It is always important to remember social media is a tool, beware of perceptions and be professional.
Bringing an element of yourself in is okay, particularly if it is your own stream. However, I have seen Twitter accounts for brands used for personal chats, and I don't think that's right.
Examples of how Facebook has been used by the New York Times to engage with its audience.
Mashable has also listed eight great ways to use Facebook for any brand.
I always believe in being as human as possible and trying to avoid feeds. It's a delicate balance though.
This is an interesting development from the New York Times as its editors will be Tweeting directly rather than using RSS feeds.
Tweeting as a human being is a brilliant thing, and it is important to interact with your readers. However, this is a labour intensive job.
I started out Tweeting as a human for the newspaper I used to work for three years ago. However, there wasn't anyone to do it when I was on holiday. They all thought I was nuts (they're all on Twitter now).
Small news teams need to a certain level of automation alongside the human voice.
Further to the Neal Mann article I linked to on Monday, Mathew Ingram of GigaOm expands on the original observations and includes National Public Radio's Andy Carvin in his discussion piece.
Ingram points out the tools are available to everyone, but journalists are needed to filter and verify.
Julie Posetti points out that social media training is essential for journalists today, and I agree with her.
The social media world is far more noisy than it used to be which means journalists need to have even greater understanding of how to use social media as a tool to reach an audience, develop contacts and source stories.
There is a great deal of pressure to get the SEO right and increase traffic to websites. A simple headline with useful key words does help, but as this post by Dominic Litten points out there is more to it than a "boring" headline. There are ways to keep the wit in a story if you have good site architecture, a good sitemap, internal links etc.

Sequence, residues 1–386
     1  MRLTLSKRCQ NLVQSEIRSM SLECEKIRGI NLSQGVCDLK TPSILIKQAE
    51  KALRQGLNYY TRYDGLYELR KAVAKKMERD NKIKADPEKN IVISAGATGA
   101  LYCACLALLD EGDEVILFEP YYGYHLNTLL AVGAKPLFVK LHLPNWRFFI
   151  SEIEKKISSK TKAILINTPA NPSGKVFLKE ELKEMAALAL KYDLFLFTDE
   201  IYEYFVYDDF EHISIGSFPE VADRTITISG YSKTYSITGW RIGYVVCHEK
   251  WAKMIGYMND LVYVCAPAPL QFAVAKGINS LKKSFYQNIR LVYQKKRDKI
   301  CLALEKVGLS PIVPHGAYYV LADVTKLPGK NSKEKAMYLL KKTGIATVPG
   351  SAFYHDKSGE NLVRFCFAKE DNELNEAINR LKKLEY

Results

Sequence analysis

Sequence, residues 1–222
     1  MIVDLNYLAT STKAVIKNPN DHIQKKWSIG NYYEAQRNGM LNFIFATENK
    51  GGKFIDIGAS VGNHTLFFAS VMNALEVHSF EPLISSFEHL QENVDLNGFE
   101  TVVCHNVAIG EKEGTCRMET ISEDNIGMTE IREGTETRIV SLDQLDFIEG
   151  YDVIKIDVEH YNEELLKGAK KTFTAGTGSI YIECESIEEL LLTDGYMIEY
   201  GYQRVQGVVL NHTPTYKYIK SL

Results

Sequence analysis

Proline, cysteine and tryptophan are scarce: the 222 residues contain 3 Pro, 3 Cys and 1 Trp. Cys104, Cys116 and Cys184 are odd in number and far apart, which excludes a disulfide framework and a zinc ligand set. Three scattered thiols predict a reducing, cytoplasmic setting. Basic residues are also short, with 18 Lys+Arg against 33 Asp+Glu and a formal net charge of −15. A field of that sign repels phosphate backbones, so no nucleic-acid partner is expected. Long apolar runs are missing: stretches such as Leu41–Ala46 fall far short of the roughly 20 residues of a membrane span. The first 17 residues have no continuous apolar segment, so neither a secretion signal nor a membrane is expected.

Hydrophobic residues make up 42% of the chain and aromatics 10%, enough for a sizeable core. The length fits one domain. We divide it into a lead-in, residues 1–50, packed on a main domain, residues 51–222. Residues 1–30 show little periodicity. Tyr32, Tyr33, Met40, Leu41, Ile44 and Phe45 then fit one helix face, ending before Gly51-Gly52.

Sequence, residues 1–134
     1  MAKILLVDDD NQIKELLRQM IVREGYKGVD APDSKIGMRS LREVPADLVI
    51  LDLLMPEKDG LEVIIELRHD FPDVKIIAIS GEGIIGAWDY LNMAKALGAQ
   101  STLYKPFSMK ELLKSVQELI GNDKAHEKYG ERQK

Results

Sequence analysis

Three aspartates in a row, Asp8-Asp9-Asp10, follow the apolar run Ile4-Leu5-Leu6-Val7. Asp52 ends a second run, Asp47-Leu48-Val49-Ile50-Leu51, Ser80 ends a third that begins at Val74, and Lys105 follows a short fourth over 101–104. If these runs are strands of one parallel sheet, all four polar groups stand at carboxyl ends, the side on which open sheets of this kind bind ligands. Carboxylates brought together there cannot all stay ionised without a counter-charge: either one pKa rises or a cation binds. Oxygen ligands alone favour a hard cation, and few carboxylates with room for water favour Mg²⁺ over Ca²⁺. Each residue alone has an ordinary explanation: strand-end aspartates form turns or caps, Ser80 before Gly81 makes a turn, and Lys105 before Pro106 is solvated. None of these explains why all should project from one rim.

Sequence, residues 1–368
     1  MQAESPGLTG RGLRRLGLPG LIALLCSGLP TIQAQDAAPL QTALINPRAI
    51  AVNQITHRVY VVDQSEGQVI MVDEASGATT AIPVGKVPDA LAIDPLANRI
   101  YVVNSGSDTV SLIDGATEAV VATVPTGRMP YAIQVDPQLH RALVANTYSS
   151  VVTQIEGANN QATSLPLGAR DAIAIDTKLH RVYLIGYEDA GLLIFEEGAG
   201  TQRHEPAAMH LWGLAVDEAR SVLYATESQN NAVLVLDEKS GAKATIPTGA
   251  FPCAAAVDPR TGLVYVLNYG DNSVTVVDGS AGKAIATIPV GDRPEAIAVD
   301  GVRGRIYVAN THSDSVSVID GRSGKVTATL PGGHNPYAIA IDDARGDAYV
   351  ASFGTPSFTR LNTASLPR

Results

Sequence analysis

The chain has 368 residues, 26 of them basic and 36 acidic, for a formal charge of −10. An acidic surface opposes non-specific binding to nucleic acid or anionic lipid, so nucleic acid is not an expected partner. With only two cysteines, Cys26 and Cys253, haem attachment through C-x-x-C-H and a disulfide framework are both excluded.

Mindy McAdams writes a great deal of common sense here about using social media as a journalist.
For professional purposes I use Facebook as a page, it keeps things simple and protects my personal account with its high security settings.
Neal Mann puts a strong case forward as to why journalists should be using social media. There are still people who resist, but it's not just a broadcasting tool, it's a way to find stories, interact with other professionals and learn a great deal.
Curiosity led me to the Sunday Times Social List after spotting a few #stsl tweets and reading this blog by Adam Tinworth. I don’t consider myself influential, I share the occasional opinion and find other people far more interesting, but put myself on the list anyway for a laugh.
This will be my highest rank ever:
Bet I won't be a 'tycoon' for long
In some ways this is a bit like Word Nerd, the Times game to show how clever you are. It was fun for about half an hour and a great piece of promotion.
At Journalism.co.uk we created a top 100 most influential journalists in the UK, in early May. We seeded the list with 50 people and then threw it out to the crowd. There are journalists missing from this list, but the people on it were nominated by their peers, and then ranked according to PeerIndex‘s algorithms.
Personally I don’t think there is a definitive list. There are people who are useful and interesting to you, and they are the most important.
Tutor and communications officer at Brighton Journalist Works. Teaching online journalism skills, mobile journalism skills, community journalism mentor and student news editor, shorthand and media law tutor.
Former digital content and social media editor for six newspaper websites in West Sussex.
Experienced journalist and sub-editor.
Seeker of knowledge and general internet enthusiast.
My opinions are my own.